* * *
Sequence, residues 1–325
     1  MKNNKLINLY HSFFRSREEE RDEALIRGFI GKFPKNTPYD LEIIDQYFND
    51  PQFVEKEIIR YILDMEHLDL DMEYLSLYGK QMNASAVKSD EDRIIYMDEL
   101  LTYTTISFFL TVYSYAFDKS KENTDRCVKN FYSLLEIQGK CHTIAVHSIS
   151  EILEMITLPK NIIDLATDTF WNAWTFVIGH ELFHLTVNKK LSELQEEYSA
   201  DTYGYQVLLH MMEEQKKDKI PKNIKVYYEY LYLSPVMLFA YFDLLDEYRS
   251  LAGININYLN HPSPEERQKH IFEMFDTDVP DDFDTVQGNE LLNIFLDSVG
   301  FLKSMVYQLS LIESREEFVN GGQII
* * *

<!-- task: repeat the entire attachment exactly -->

Sequence, residues 1–325
     1  MKNNKLINLY HSFFRSREEE RDEALIRGFI GKFPKNTPYD LEIIDQYFND
    51  PQFVEKEIIR YILDMEHLDL DMEYLSLYGK QMNASAVKSD EDRIIYMDEL
   101  LTYTTISFFL TVYSYAFDKS KENTDRCVKN FYSLLEIQGK CHTIAVHSIS
   151  EILEMITLPK NIIDLATDTF WNAWTFVIGH ELFHLTVNKK LSELQEEYSA
   201  DTYGYQVLLH MMEEQKKDKI PKNIKVYYEY LYLSPVMLFA YFDLLDEYRS
   251  LAGININYLN HPSPEERQKH IFEMFDTDVP DDFDTVQGNE LLNIFLDSVG
   301  FLKSMVYQLS LIESREEFVN GGQII